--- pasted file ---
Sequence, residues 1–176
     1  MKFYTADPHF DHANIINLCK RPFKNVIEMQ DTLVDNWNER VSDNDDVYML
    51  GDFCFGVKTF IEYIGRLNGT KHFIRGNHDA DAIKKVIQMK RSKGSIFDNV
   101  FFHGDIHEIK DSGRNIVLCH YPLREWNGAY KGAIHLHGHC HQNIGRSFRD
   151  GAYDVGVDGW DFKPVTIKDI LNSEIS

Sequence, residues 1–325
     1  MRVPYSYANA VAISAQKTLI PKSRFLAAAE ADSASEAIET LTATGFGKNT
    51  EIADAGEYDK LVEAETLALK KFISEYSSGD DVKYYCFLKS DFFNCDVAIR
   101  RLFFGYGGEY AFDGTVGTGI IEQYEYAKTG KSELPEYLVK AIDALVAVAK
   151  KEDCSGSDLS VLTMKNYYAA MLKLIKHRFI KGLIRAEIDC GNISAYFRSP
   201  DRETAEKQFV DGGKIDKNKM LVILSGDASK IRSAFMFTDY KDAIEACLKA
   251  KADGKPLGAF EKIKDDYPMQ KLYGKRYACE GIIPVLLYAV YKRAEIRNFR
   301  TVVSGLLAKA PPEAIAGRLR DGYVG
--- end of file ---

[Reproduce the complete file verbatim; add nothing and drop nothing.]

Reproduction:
Sequence, residues 1–176
     1  MKFYTADPHF DHANIINLCK RPFKNVIEMQ DTLVDNWNER VSDNDDVYML
    51  GDFCFGVKTF IEYIGRLNGT KHFIRGNHDA DAIKKVIQMK RSKGSIFDNV
   101  FFHGDIHEIK DSGRNIVLCH YPLREWNGAY KGAIHLHGHC HQNIGRSFRD
   151  GAYDVGVDGW DFKPVTIKDI LNSEIS

Sequence, residues 1–325
     1  MRVPYSYANA VAISAQKTLI PKSRFLAAAE ADSASEAIET LTATGFGKNT
    51  EIADAGEYDK LVEAETLALK KFISEYSSGD DVKYYCFLKS DFFNCDVAIR
   101  RLFFGYGGEY AFDGTVGTGI IEQYEYAKTG KSELPEYLVK AIDALVAVAK
   151  KEDCSGSDLS VLTMKNYYAA MLKLIKHRFI KGLIRAEIDC GNISAYFRSP
   201  DRETAEKQFV DGGKIDKNKM LVILSGDASK IRSAFMFTDY KDAIEACLKA
   251  KADGKPLGAF EKIKDDYPMQ KLYGKRYACE GIIPVLLYAV YKRAEIRNFR
   301  TVVSGLLAKA PPEAIAGRLR DGYVG